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    Translation correct?

    Es gibt auf meinem Bankkonto nur noch wenig Geld (Korrektur einiger Übungssätze) - -

    Source Language Term

    Es gibt auf meinem Bankkonto nur noch wenig Geld (Korrektur einiger Übungssätze)

    Correct?

    -

    Comment

    Nein, dies ist – wie der Fadentitel vielleicht vermuten lässt – kein Spam 😉...


    ... sondern die freundliche Bitte um Hilfe bei der korrekten Übersetzung einiger deutscher Sätze ins Englische. Die Sätze stammen aus diesem Faden. Zu der deutschen Vorlage habe ich jeweils 2 leicht unterschiedliche englische Übersetzungen eingestellt und die abweichenden Stellen gefettet. Ich wüsste nun gern, welche der Varianten (bzw. ihre Kombinationen) richtig und welche falsch sind.

    Vielen Dank im voraus (auch für alle anderen Hinweise)!


    • Es gibt auf meinem Bankkonto nur noch wenig Geld.

    1a. There is just/ only a little money left in my bank account.

    1b. There is little money left in my bank account.


    • Auf meinem Bankkonto gibt es noch ein wenig Geld. Ich kann dir ein ein bisschen leihen, wenn du es brauchst.

    2a. There is still a little bit of money left in my bank account. I can lend you some if you need it.

    2b. There is still a little money in my bank account. I can lend you a little if you need it.


    • Außerdem habe ich gerade ein paar Brötchen gebacken. Ich kann dir auch ein paar geben. Ich habe heute nur wenige gebacken.

    3a. Besides, I've just baked some rolls. I can also give you some. I haven't baked many today.

    3b. Also, I just baked some rolls. I can give you a few, too. I have baked only a few today.


    Author karla13 (1364913)  16 Sep 22, 16:42
    Comment

    Könnte man das nicht in dem in #0 genannten Faden abhandeln? Der Ersteller desselbe möchte ja ohnehin seine Sätze in Deutsch und Englisch lernen, da könntet ihr euch doch zusammentun, statt für das Ganze jetzt nochmal einen Faden zu eröffnen, oder?


    Mal ganz abgesehen davon, dass ohnehin auch die Ausgangssätze eher suboptimal sind.

    #1AuthorSachs (638558)  16 Sep 22, 19:43
    Comment

    Da der andere Faden sehr lang ist und eine nichtssagenden Titel hat, finde ich es sinnvoll, einen neuen zu starten.


    Ich fang mal an, aber bei solchen Nuancen hätte ich gerne auch noch andere Meinungen:


    • Es gibt auf meinem Bankkonto nur noch wenig Geld.

    1a. There is just/ only a little money left in my bank account. --> richtig und idiomatisch


    1b. There is little money left in my bank account. --> finde ich nicht so sehr idiomatisch, ohne den Finger drauf legen zu können warum. "There's very little money" finde ich okay, aber so ganz allein fehlt mir was bei 'little".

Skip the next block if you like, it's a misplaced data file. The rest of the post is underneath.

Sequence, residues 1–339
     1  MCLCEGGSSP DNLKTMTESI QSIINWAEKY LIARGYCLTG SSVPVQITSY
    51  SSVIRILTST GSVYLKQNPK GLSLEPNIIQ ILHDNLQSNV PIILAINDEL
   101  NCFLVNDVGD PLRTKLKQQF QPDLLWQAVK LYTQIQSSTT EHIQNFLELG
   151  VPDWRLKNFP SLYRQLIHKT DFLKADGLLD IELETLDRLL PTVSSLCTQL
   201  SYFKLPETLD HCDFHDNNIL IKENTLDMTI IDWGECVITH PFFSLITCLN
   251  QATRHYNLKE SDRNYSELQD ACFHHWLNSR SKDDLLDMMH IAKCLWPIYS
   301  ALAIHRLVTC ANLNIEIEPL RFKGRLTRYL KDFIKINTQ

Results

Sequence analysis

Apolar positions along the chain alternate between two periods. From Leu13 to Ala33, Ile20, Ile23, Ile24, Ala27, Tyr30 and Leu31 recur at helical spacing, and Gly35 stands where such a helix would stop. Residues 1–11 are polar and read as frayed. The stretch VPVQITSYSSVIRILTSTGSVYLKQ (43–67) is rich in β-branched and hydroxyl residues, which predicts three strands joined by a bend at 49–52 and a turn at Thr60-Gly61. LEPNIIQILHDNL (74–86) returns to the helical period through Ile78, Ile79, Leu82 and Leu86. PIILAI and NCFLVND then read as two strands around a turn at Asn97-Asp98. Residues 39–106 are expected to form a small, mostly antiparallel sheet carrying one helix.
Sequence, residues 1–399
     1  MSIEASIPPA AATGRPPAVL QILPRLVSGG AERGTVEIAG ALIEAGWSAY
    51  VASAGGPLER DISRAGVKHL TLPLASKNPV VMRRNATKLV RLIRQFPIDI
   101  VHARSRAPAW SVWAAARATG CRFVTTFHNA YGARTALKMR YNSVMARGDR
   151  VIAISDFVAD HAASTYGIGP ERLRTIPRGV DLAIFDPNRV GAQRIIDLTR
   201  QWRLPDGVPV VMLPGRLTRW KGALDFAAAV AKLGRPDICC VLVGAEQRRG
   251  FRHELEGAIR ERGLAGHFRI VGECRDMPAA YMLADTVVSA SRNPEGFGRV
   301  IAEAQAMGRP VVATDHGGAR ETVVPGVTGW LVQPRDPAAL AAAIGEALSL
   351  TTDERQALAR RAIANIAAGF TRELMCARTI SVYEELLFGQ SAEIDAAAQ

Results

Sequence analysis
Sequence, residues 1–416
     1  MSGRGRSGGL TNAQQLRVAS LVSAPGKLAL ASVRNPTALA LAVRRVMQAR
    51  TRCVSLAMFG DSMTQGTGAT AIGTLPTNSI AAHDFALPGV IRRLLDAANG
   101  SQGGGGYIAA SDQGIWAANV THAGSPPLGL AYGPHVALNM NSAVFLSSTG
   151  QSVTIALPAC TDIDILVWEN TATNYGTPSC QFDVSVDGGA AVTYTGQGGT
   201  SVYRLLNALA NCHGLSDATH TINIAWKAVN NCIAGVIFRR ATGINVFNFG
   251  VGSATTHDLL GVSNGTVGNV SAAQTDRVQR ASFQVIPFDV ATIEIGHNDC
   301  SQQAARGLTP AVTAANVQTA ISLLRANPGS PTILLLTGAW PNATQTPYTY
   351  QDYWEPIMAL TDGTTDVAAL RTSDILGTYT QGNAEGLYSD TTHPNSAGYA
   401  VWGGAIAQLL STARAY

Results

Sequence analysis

Ebenso möglich: "There's a little money" oder "There's not much money" (in allen Versionen in 1b fehlt allerdings das nur das 'nur')


    • Auf meinem Bankkonto gibt es noch ein wenig Geld. Ich kann dir ein ein bisschen leihen, wenn du es brauchst.

    2a. There is still a little bit of money left in my bank account. I can lend you some if you need it. --> richtig und idiomatisch

    2b. There is still a little money in my bank account. I can lend you a little if you need it. --> richtig, aber "some" ist viel besser. Ich halte "I can lend you a little money" eh für weniger gebräuchlich, aber die Wiederholung macht es auch sehr unschön.

    #2AuthorGibson (418762) 16 Sep 22, 20:00
    Comment

    Zu #1 @Sachs


    Ich habe den neuen Faden genau aus den Gründen gestartet, die Gibson in #2 genannt hat 😉. Außerdem geht es in dem anderen Faden ja eher um die Korrektur der deutschen Übungssätze. Da ich dabei sowohl heute als auch gestern mit diesen fiesen Unterschieden zwischen few, a few, little, a little etc. konfrontiert wurde, teilweise selber in's Schwimmen kam (sowie auch keine vermeidbaren Fehler verbreiten möchte), habe ich das einfach als kleine Übersetzungsübung für mich selber angesehen und es daher ausgegliedert. Ich werde nachher verlinken, damit @azhong auch etwas davon hat.


    Mal ganz abgesehen davon, dass ohnehin auch die Ausgangssätze eher suboptimal sind.

    Ja, vielleicht sind sie das für uns; aber dafür, dass er A1-Lerner mit Chinessch* als Muttersprache ist, finde ich sie doch brillant. Wir wollen ja hier keinen Deutschunterricht ersetzen, aber halt so gut wie möglich helfen. (OT: Ich bin im Moment leider sowieso an's Bett "gefesselt" und habe daher genug Zeit und Muße für sowas.)


    *Ich wäre froh, wenn mein Mandarin so gut wie sein Deutsch wäre! 🤣



    Zu #2 @Gibson


    DAAAAANKE! Ich hatte gehofft, das du dich als Erste meiner erbarmen würdest 😊.

    [Edit]: